And she me caught in her arms long and small;
Therewithall sweetly did me kiss
And softly said, “Dear heart, how like you this?”

It was no dream: I lay broad waking.
But all is turned thorough my gentleness
Into a strange fashion of forsaking;
And I have leave to go of her goodness,
And she also, to use newfangleness.
But since that I so kindly am served
I would fain know what she hath deserved.

Love poems for weddings

The Present

Michael Donaghy
For the present there is just one moon,
though every level pond gives back another.

But the bright disc shining in the black lagoon,
perceived by astrophysicist and lover,

is milliseconds old. And even that light's
seven minutes older than its source.

And the stars we think we see on moonless nights
are long extinguished. And, of course,

this very moment, as you read this line,
is literally gone before you know it.

Forget the here-and-now. We have no time
but this device of wantonness and wit.

Make me this present then: your hand in mine,
and we'll live out our lives in it.
From Michael Donaghy’s Collected Poems

Discover the best wedding readings for every kind of couple.


Love poems for friends

Love and Friendship

Emily Brontë
Love is like the wild rose-briar,
Friendship like the holly-tree—
The holly is dark when the rose-briar blooms
But which will bloom most constantly?

The wild rose-briar is sweet in spring,
Its summer blossoms scent the air;
Yet wait till winter comes again
And who will call the wild-briar fair?

Then scorn the silly rose-wreath now
And deck thee with the holly’s sheen,
That when December blights thy brow
He still may leave thy garland green.

From Poems to Fall in Love With, Illustrated by Chris Riddell

Illustration for Love and Friendship by Chris Riddell
Taken from Poems to Fall in Love With, illustrated by Chris Riddell.

Love poems for long-distance lovers

Moon Over Madrid

Brian Moses

There’s a moon over Madrid tonight,

A bright, inquisitive moon

That’s about as full as it gets.

For me, it’s something familiar

In an unfamiliar city,

A reference point on these Spanish streets.

It keeps me company, sometimes slipping

Out of sight, dodging behind buildings

Then reappearing, while I’m thinking

How the moon holds a thread

That ties us together.

‘Look up at the moon,’ I tell you.

‘Look at the moon and imagine that thread

As a line linking you

To the mountains of the moon

And then down to the streets of Madrid.

That same moon touching your life,

Now touches mine too.’

From Lost Magic: The Very Best of Brian Moses

Love poems for her

She Walks in Beauty

Lord Byron
She walks in beauty, like the night
  Of cloudless climes and starry skies;
And all that’s best of dark and bright
  Meet in her aspect and her eyes;
Thus mellowed to that tender light
  Which heaven to gaudy day denies.

One shade the more, one ray the less,
  Had half impaired the nameless grace
Which waves in every raven tress,
  Or softly lightens o’er her face;
Where thoughts serenely sweet express,
  How pure, how dear their dwelling-place.

And on that cheek, and o’er that brow,
  So soft, so calm, yet eloquent,
The smiles that win, the tints that glow,
  But tell of days in goodness spent,
A mind at peace with all below,
  A heart whose love is innocent!

From Poems for Love


You: An Achilles apple


Blushing sweet on a high branch

At the tip of the tallest tree you escaped

Those that they did not try, no. They could not forget you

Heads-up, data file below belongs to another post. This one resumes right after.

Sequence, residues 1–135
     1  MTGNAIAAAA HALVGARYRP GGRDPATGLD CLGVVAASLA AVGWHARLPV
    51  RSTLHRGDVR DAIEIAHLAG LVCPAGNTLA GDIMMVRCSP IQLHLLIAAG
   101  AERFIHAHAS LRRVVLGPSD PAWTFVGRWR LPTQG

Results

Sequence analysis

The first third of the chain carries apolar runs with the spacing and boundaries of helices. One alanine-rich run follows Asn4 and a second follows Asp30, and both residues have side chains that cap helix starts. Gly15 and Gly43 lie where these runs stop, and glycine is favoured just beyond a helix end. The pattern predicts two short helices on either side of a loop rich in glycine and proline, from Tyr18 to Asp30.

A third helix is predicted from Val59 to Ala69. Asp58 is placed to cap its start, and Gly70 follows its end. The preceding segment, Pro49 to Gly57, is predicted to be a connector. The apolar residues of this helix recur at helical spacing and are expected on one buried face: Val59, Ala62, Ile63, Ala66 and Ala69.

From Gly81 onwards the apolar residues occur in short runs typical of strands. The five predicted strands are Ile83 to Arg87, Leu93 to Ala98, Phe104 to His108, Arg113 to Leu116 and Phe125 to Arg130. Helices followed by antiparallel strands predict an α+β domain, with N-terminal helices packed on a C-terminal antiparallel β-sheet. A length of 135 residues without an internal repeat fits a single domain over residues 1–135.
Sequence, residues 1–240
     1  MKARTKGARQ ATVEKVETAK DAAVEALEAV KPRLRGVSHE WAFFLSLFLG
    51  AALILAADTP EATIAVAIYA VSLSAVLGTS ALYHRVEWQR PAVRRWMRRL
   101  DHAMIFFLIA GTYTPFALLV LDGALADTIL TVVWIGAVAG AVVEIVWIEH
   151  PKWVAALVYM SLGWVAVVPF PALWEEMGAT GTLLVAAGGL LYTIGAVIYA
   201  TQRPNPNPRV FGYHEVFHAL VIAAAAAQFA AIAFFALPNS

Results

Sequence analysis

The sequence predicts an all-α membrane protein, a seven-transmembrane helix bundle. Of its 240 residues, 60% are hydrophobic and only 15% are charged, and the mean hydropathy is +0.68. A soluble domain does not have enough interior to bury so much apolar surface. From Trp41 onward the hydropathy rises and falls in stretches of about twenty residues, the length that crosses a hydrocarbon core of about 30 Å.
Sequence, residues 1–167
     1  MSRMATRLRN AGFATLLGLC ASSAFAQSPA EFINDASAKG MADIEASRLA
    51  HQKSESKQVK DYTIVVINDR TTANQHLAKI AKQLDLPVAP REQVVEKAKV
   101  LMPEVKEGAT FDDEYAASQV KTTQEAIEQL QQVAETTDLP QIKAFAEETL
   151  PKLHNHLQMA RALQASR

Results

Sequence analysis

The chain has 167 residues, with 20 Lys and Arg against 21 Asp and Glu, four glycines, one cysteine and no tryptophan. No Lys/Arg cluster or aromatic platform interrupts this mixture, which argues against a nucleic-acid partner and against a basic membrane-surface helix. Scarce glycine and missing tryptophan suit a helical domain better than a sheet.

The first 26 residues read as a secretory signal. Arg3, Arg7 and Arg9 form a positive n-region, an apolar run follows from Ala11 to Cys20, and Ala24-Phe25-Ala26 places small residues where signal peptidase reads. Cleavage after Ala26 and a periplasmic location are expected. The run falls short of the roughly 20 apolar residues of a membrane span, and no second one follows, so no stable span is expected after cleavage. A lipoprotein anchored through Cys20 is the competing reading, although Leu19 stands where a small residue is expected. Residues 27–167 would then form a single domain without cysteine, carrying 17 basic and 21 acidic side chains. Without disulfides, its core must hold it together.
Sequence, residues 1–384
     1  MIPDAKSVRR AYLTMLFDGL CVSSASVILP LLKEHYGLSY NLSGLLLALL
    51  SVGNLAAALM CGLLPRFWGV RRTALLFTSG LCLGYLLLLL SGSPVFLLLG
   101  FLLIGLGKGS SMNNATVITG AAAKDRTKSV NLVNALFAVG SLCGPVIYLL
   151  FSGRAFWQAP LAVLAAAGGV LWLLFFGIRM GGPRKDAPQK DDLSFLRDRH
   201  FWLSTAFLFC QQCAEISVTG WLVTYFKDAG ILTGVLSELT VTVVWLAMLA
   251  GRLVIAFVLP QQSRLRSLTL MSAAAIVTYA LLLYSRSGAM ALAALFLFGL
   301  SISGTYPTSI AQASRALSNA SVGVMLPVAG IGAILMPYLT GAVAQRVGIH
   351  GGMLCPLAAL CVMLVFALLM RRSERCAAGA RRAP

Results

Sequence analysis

Poised beyond their reach.

From Poems to Fall in Love With, Illustrated by Chris Riddell

Illustration for You An Achillies Apple by Chris Riddell
Taken from Poems to Fall in Love With, illustrated by Chris Riddell.

Love poems for him

Love Song

Dorothy Parker   
My own dear love, he is strong and bold
     And he cares not what comes after.
His words ring sweet as a chime of gold,
     And his eyes are lit with laughter.
He is jubilant as a flag unfurled—
     Oh, a girl, she’d not forget him.
My own dear love, he is all my world,—
     And I wish I’d never met him.

My love, he’s mad, and my love, he’s fleet,
     And a wild young wood-thing bore him!
The ways are fair to his roaming feet,
     And the skies are sunlit for him.
As sharply sweet to my heart he seems
     As the fragrance of acacia.
My own dear love, he is all my dreams,—
     And I wish he were in Asia.

My love runs by like a day in June,
     And he makes no friends of sorrows.
He’ll tread his galloping rigadoon
     In the pathway of the morrows.
He’ll live his days where the sunbeams start,
     Nor could storm or wind uproot him.
My own dear love, he is all my heart,—
     And I wish somebody’d shoot him.
From Dorothy Parker’s Complete Poems.

Poems for Love

by Gaby Morgan

There has always been love, and we have been writing poetry about it for over 4,000 years. From John Donne and William Shakespeare to Emily Dickinson and Christina Rossetti, the very best classic love poetry is collected in this elegant anthology, Poems for Love. That we still read and enjoy these heartfelt poems today is a testament both to their individual genius and to love's enduring power.

Alexa, what is there to know about love?

by Brian Bilston

If you’re looking for books about love for the poetry lover in your life, look no further than Brian Bilston’s poetry collection, Alexa, what is there to know about love? Full of poems about love in all its forms, from romantic love to familial love and even love on the internet, this is the perfect, witty gift book for Valentine’s Day. 

Poems to Fall in Love With

by Chris Riddell

This beautifully illustrated collection of love poems is the perfect gift for a loved one. 

Award-winning illustrator Chris Riddell has chosen and illustrated a selection of his favourite classic and modern love poems. Poems to Fall in Love With celebrates love in all its guises.

Poems for Love

by Gaby Morgan

This beautiful edition of Poems for Love features poets from William Shakespeare to Christina Rossetti, and covers love in all its guises - whether passion or heartbreak, infatuation or flirtation.

The Picador Book of Love Poems

by John Stammers

Award-winning poet John Stammers has a beautiful and unique collection of love poems from the present and the past, from Spenser and Tennyson to Carol Ann Duffy and Michael Donaghy.